Superintendent Barresi testifies about 3R Agenda at Congressional Hearing

State Superintendent of Public Instruction Janet Barresi is praising legislative progress on key reforms in her 3R Agenda as she prepares to testify today (Thursday, April 7) in the nation’s capital before the U.S. House Committee on Education and the Workforce.

“The state legislative session has reached the halfway mark, and this is a good time to take stock of the significant progress we’re making,” said Barresi. “I’m grateful for the opportunity to update leaders in Washington about our plans to rethink, restructure and reform Oklahoma’s system of education. The center of gravity for education reform has shifted to states like Oklahoma, and I want to provide insight into the bold action we’re taking here.”

As federal lawmakers consider reauthorization of the No Child Left Behind Act, Barresi has been asked to testify about the 3R Agenda  she launched in March. The 3R Agenda is a comprehensive policy platform for transforming Oklahoma’s education system. While several “3R” items are working their way through this year’s legislative session, other portions will serve as a long-term blueprint to help guide Oklahoma’s education policy over the next several years, according to Barresi’s staff.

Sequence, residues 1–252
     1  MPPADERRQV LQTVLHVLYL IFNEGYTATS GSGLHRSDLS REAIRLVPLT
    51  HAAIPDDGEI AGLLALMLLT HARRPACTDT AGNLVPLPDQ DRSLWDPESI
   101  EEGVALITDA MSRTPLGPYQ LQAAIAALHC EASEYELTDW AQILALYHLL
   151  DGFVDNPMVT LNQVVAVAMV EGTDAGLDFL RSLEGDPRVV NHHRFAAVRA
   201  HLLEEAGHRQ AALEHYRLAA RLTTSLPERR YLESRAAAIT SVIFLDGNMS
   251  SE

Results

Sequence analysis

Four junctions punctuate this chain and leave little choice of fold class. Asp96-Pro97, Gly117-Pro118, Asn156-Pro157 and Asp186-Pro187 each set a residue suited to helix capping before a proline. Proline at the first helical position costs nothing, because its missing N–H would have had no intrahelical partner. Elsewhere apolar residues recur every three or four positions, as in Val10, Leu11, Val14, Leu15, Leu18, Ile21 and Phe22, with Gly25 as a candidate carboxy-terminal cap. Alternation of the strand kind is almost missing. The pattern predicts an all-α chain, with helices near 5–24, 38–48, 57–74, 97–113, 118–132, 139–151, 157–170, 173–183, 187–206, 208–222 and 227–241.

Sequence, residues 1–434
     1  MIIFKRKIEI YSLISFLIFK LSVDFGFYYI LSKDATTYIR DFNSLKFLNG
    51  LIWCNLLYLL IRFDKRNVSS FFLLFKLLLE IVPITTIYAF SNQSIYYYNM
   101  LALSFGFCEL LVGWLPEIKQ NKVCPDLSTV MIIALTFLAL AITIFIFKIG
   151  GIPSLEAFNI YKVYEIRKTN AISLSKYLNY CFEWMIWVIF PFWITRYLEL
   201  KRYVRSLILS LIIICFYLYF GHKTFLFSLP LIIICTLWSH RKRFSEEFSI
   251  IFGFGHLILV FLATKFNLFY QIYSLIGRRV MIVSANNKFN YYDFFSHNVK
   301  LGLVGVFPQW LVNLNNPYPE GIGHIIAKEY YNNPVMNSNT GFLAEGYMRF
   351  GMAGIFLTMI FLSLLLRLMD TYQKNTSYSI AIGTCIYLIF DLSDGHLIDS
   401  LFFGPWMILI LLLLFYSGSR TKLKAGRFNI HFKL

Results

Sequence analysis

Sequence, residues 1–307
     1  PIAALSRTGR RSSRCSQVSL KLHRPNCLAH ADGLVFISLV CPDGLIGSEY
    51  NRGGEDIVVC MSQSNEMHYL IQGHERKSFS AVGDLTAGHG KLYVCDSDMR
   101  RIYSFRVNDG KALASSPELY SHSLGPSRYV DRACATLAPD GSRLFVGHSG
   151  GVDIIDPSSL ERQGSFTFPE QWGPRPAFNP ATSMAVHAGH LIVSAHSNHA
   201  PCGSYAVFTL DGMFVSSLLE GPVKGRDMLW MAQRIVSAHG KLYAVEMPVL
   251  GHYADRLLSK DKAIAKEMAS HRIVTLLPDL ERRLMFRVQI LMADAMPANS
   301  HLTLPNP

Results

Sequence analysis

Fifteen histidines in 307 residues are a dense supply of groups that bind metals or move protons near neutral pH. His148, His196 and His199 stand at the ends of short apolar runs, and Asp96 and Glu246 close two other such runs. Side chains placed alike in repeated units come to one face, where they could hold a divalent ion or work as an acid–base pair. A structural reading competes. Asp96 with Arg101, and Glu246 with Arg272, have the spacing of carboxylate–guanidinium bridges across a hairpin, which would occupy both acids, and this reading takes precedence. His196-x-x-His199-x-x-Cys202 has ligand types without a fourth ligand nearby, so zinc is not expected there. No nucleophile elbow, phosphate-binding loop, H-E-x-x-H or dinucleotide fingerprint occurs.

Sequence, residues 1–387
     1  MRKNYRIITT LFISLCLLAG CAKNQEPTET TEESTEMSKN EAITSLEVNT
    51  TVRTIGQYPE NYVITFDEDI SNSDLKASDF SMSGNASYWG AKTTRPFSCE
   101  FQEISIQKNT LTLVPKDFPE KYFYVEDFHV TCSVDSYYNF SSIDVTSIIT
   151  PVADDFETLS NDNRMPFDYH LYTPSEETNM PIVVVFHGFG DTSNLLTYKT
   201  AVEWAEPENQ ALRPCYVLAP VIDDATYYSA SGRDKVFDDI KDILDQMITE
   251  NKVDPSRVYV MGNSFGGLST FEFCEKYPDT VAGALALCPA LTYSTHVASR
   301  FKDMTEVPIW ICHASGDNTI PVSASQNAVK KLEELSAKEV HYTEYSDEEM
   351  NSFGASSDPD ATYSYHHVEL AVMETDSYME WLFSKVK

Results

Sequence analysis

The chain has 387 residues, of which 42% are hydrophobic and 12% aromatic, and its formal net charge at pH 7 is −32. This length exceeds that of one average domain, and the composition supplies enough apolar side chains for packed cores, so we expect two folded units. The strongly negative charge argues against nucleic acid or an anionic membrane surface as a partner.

More information about the 3R Agenda, including a policy overview booklet, can be found at the Oklahoma State Department of Education home page, [ ]

Barresi pointed to progress in the State Legislature on reform items including an annual A through F report card grading system for schools, legislation to end social promotion after the third grade and tuition tax credits  to offer parents more and better choices. 

Last week, former Florida Governor Jeb Bush came to Oklahoma to tout the Sooner State’s reform efforts.

Barresi said her testimony will highlight the 3R Agenda, and she will share insight into potential barriers to reform at the federal level. She said she will encourage members of Congress to consider ways the federal government can offer more flexibility to states.

“We’ve seen that entrenched federal guidelines can present barriers to innovative state policies,” said Barresi. “We need the federal government to work with us to allow us flexibility for innovation. I hope my testimony this week will shine a spotlight on the breakthroughs we are achieving in Oklahoma.”